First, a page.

I imagine there are individual differences in how BPPV affects people, especially depending on what is causing it. In my case it was displacement of my otolith “ballast” crystals by trauma on one side. Maybe there are neurological or organic causes that would be different.
My doc taught me the canalith repositioning exercises but I have only used them a few times and can’t swear they helped that much. Since abnormal eye movements seem so tied to BPPV I think my instinct to close my eyes during abrupt movements has been the most helpful in avoiding the worst effects.
Odd sidebar here: since I had that accident in my 20’s, I have had sporadic nightmares during deep sleep where I am spinning out of control, as if I was in a speeding car on an icy road, always in the dark and often as if I am blinded and can’t see where I and my vehicle are hurtling. I guess these are like the “falling” dreams I hear other people having where you awaken before you hit the ground – I always wake up in mild panic before the “crash” occurs. Since I was knocked cold by my accident (and have complete amnesia of what occurred between riding my bike and reviving on the table in the ER as they were cutting off my best jeans) I wonder if my brain relives that accident for which I have no conscious memory.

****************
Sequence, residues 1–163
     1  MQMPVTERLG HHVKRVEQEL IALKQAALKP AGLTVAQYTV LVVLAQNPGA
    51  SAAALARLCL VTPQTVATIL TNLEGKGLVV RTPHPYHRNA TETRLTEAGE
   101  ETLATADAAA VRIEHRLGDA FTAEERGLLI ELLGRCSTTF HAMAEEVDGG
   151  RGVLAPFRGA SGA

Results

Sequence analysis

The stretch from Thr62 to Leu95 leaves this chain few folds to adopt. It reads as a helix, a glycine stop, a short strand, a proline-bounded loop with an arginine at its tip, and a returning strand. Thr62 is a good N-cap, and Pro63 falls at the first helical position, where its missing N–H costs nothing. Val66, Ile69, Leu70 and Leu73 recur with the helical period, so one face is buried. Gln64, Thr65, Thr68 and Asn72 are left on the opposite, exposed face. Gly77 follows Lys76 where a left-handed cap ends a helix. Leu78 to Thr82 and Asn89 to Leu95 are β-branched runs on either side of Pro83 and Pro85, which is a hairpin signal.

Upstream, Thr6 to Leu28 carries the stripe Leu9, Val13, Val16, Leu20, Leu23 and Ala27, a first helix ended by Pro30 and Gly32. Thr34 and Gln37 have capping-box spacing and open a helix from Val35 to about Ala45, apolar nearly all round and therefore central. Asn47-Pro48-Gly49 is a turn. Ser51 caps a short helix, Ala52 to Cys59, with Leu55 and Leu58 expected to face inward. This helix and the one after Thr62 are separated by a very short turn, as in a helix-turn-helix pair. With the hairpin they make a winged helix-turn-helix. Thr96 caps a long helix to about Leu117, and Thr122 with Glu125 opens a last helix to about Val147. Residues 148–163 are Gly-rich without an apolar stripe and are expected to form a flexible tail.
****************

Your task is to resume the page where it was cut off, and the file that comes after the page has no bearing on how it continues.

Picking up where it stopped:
Huh? No but only cause I’m not so bad that I’ve been diagnosed.
However, sometimes when, after paddling in heat, it kicks in when loading boats or picking up gear. Head below waist, movement from light to dark, and perhaps a little dehydration seem to kick it off. Never had it during paddling. Rolls ? Don’t know.
My Dr. Daughter tells me how they chase those little crystals out. Hang in there.